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Making Choices

  • Mary Caprioli (a1)


Not everything that counts can be counted, and not everything that can be counted counts.

— Albert Einstein
I never thought I would be considered a quantitative scholar. When I took my first statistics course in graduate school, I just did not ask the types of questions that required statistical analysis. I was interested in women in development, issues of power and powerlessness, and violence against women—not issues that are readily quantifiable. As you can imagine, I quickly learned how to ask the “right” questions. This all occurred when the democratic peace thesis began to take on a life of its own, and I reasoned that norms of inequality and injustice must surely transfer to the international arena, much the same way as those positive democratic norms are theorized to do (see Hudson et al. 2008/9). So I decided I would study conflict and war, which were readily quantifiable. And I would incorporate measures of women's equality. Thus, by some twist of fate, I chose quantitative methods as one of my testing fields and became a scholar interested in bridging the gap between feminist international relations theory and traditional international relations theory using quantitative methods.



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Caprioli, Mary. 2000. “Gendered Conflict.” Journal of Peace Research 37 (1): 5168.
Caprioli, Mary. 2005. “Primed for Violence: The Role of Gender Equality in Predicting Internal Conflict.” International Studies Quarterly 49 (2): 161–78.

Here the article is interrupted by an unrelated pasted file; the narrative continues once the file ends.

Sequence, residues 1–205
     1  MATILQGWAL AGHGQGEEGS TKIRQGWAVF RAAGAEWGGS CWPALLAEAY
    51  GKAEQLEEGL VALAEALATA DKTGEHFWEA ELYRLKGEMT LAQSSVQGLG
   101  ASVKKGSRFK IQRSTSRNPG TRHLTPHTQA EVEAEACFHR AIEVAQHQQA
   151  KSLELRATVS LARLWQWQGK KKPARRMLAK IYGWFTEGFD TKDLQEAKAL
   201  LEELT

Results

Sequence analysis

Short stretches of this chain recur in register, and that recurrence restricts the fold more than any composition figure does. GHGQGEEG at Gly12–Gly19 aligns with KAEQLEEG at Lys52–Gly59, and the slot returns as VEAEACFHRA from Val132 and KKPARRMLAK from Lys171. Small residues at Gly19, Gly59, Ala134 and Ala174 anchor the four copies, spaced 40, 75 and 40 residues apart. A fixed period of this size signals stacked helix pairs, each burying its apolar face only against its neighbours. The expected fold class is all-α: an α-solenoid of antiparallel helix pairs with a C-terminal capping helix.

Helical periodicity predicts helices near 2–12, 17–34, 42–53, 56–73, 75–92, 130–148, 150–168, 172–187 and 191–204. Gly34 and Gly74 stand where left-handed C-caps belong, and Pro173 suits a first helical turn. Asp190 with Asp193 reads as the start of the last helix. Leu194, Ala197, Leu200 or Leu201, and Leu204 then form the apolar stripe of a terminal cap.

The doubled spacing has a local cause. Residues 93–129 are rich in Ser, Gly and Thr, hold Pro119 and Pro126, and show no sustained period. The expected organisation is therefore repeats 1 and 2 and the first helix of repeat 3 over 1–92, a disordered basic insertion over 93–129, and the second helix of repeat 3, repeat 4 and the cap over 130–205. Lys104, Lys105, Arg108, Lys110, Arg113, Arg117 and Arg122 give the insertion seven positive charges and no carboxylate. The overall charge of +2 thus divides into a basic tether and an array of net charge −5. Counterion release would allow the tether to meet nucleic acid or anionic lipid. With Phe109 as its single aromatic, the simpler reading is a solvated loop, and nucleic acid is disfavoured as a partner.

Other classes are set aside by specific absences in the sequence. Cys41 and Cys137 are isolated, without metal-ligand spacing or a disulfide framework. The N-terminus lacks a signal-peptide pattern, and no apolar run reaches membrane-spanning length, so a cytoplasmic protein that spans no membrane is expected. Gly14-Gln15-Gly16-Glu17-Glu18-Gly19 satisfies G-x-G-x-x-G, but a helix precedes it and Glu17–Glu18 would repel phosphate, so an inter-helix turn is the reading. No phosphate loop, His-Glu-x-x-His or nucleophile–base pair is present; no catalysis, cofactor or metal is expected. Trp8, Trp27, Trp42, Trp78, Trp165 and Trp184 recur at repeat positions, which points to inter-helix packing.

Caprioli, Mary, and Douglass, Kimberly. 2008. “Nation Building and Women: The Effect of Intervention on Women's Agency.” Foreign Policy Analysis 4 (1): 4565.
Caprioli, Mary, Hudson, Valerie, McDermott, Rose, Ballif-Spanvill, Bonnie, Emmett, Chad F., and Stearmer, S. Matthew. N.d. “The WomanStats Project Database: Advancing an Empirical Research Agenda.” Journal of Peace Research. Forthcoming.
Hudson, Valerie, Caprioli, Mary, McDermott, Rose, Ballif-Spanvill, Bonnie, Emmett, Chad F., Winter 2008/9. “The Security of Women and the Security of States.” International Security 33: 745.
Tickner, J. Ann. 1992. Gender in International Relations: Feminist Perspectives on Achieving Global Security. New York: Columbia University Press.
UNICEF. 2003. (Accessed November 10, 2006).
WomanStats. 2007. Codebook. (Accessed December 30, 2008).

Making Choices

  • Mary Caprioli (a1)


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